Cyberforensics: The Ultimate Investigative Tool

The right way and the wrong way to run a computer investigation


Last, IT professionals often gravitate to their industry because they get to spend the majority of their time with technology and not with people. Many IT professionals lack good communication skills, and they may not be able to present themselves well in the courtroom, where they will be grilled by lawyers who are often expert wordsmiths. Internal IT staff members' neutrality will also be questioned, since they are paid by the corporation asking them to conduct the forensics examination.

One only has to look at the case of Gates Rubber Co. v. Bando Chemical Industries Ltd. to understand the problems inherent in using IT staff for computer forensics. In this case one side used an internal IT staff member to examine a computer. The employee was not properly trained in computer forensics and actually destroyed seven to eight percent of the information on the computer. This caused the court to issue sanctions in the amount of 10 percent of attorney fees—not a small sum.

 

Develop the Skills with Training

This is not to say that corporations should not develop their own computer forensics capabilities. Many large corporations have computer forensics examiners or departments, but they work outside of the IT department—a good idea, because IT staff members can be the target of an investigation. A logical place for them is either in the security or legal departments.

Anyone involved in computer forensics should receive the correct training and be given the opportunity to continue learning. There is never a point at which a computer forensics examiner has learned all there is to know about examining computers. Constant training and research and development time are needed to keep a computer forensics examiner's skills sharp. There are numerous training options, but the following series of classes would create a well rounded entry-level computer forensics examiner.

CompTIA A+ Training and Certification. Requiring that an established IT professional pursue A+ training and certification will be a tough sell, since this is a basic IT certification. However, it is a requirement for examiners at the FBI's Regional Computer Forensics Labs, and it ensures that the forensics examiner has a good understanding of hardware. For organizations that have non-technical staff interested in pursuing computer forensics, this is a great foundation class and can be used to determine if the person has the technical aptitude to pursue a career in computer forensics. If they are unable to pass the certification tests after completing the training, then they are probably not suited to the computer forensics profession.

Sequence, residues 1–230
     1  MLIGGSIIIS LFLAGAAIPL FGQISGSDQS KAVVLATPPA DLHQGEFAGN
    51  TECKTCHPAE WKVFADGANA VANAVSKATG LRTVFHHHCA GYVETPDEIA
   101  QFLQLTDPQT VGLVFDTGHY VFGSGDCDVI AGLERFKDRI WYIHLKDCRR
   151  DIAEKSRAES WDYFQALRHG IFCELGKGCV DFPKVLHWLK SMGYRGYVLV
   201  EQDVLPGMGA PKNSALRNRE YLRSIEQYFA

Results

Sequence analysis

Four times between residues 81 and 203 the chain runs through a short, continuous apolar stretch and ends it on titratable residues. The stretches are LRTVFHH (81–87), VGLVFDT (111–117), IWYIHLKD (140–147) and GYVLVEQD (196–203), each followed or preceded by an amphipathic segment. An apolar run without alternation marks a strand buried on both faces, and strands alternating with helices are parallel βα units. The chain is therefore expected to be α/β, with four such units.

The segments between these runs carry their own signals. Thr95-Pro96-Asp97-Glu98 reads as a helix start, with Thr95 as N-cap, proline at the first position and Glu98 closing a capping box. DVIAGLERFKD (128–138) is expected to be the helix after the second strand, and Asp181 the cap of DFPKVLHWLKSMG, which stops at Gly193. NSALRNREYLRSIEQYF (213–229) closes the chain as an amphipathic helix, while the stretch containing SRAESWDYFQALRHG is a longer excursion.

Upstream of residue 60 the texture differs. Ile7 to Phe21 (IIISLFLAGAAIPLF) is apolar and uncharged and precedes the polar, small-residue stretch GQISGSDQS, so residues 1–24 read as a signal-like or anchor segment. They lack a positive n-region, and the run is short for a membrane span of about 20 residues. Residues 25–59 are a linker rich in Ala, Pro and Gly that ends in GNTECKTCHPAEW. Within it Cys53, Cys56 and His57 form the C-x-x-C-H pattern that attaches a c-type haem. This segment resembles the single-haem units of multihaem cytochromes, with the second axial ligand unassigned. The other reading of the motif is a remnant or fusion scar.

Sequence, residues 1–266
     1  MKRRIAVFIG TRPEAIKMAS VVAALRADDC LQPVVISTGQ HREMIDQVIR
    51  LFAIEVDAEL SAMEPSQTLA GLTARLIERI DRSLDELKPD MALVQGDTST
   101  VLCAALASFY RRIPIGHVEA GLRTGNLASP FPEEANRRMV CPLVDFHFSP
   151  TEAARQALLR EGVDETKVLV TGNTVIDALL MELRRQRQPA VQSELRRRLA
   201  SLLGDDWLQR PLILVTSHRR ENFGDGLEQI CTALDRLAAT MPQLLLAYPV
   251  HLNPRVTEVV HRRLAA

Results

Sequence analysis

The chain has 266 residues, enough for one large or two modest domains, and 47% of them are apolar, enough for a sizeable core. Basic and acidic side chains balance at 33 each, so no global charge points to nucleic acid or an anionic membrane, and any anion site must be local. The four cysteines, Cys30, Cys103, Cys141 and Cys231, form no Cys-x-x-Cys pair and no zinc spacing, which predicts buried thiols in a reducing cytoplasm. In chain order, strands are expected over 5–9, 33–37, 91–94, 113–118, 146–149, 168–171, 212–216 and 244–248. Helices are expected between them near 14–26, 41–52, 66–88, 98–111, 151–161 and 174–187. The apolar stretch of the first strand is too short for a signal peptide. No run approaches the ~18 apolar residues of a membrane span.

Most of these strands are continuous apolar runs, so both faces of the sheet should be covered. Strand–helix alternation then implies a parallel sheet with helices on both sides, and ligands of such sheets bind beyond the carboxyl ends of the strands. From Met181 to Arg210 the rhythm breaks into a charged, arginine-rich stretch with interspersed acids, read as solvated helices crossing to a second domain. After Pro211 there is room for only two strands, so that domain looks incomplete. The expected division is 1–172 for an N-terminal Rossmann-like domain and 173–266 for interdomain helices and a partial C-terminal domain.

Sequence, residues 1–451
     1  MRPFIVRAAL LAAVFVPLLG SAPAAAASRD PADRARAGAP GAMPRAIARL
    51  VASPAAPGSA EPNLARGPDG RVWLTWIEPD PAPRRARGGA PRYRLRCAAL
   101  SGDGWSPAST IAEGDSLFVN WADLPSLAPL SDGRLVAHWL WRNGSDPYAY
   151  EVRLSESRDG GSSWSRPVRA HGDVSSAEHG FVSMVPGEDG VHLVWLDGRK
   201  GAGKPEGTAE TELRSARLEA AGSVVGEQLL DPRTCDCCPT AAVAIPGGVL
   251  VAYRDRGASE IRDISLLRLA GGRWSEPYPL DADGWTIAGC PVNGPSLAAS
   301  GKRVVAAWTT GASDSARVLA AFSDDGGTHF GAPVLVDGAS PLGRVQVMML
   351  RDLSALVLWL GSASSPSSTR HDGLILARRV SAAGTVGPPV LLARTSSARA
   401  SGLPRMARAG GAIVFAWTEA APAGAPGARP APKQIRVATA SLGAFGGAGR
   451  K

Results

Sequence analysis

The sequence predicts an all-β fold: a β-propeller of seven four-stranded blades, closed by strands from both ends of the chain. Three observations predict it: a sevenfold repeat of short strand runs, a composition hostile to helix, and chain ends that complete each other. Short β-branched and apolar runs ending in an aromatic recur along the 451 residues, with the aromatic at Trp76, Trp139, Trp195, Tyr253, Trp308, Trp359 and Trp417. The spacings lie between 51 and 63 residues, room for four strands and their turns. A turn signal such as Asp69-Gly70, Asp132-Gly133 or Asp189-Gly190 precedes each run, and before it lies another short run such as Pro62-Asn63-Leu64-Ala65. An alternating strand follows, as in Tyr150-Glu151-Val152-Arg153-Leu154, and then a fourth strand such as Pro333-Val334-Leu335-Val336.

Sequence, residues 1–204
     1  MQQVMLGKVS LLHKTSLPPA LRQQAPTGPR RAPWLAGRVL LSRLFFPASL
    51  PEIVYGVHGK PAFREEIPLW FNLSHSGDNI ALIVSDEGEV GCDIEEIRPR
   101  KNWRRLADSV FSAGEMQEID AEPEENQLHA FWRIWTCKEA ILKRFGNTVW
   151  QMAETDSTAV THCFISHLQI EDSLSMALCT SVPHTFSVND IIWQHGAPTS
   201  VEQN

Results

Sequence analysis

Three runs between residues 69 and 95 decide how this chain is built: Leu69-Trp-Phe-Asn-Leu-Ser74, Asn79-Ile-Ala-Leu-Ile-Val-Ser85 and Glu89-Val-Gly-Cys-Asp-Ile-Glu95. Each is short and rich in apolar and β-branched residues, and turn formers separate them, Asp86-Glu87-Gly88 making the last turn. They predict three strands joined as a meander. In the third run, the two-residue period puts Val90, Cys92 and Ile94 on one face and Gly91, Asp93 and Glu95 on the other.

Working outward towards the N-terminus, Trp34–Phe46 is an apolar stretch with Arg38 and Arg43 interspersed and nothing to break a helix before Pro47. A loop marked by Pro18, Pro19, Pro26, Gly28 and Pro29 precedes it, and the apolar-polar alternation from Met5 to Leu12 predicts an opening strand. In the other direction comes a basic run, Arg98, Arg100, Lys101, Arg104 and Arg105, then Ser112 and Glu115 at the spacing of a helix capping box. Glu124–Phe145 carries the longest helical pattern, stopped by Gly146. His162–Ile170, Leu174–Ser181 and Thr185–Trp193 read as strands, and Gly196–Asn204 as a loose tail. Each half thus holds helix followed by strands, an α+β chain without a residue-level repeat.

Vendor-Neutral Training. Vendor-neutral training provides information on the concepts behind computer forensics, not just how to use a specific computer forensics tool. The Southeast Cybercrime Institute at Kennesaw State University offers an excellent program that also prepares attendees for the Certified Computer Examiner (CCE) certification. In addition to classroom study, they offer an excellent online program. Visit their Web site for more information: (www.kennesaw.edu/coned/sci). Many colleges and universities are beginning to offer cybercrime and computer forensics-related programs. When selecting a program like this, be sure it is designed and taught by experienced computer forensics experts, and not simply by a professor reading out of a book.

Vendor-Specific Training. Once the basic concepts are understood, it is appropriate to move on to vendor-specific training. These classes explain how to conduct computer forensics examinations using specific tools. Well known tools include EnCase Forensic by Guidance Software
(www.guidancesoftware.com), SMART (for Linux) by ASR Data (www.asrdata.com), and the Forensic Tool Kit by AccessData (www.accessdata.com). These are excellent tools, and their developers offer top-notch training programs.

Network Training. Because it is extremely rare to find a stand-alone computer, it is important to have a basic understanding of networking concepts. Programs like CompTia's Network + or a similar college-level program would be extremely helpful.

After this series of training programs, staff should pursue advanced and specialized training to handle complex investigations and additional devices, such as personal digital assistants and cell phones.

 

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